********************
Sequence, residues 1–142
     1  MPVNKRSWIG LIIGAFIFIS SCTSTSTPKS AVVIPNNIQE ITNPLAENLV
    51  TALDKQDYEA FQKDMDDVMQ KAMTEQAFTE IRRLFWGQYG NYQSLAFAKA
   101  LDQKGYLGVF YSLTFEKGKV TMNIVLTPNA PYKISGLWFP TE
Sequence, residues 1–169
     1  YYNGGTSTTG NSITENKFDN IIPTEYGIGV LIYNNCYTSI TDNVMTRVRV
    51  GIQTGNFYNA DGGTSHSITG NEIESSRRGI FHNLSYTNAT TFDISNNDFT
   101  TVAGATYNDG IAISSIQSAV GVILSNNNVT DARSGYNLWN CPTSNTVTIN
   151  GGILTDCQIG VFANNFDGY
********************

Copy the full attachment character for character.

Sequence, residues 1–142
     1  MPVNKRSWIG LIIGAFIFIS SCTSTSTPKS AVVIPNNIQE ITNPLAENLV
    51  TALDKQDYEA FQKDMDDVMQ KAMTEQAFTE IRRLFWGQYG NYQSLAFAKA
   101  LDQKGYLGVF YSLTFEKGKV TMNIVLTPNA PYKISGLWFP TE
Sequence, residues 1–169
     1  YYNGGTSTTG NSITENKFDN IIPTEYGIGV LIYNNCYTSI TDNVMTRVRV
    51  GIQTGNFYNA DGGTSHSITG NEIESSRRGI FHNLSYTNAT TFDISNNDFT
   101  TVAGATYNDG IAISSIQSAV GVILSNNNVT DARSGYNLWN CPTSNTVTIN
   151  GGILTDCQIG VFANNFDGY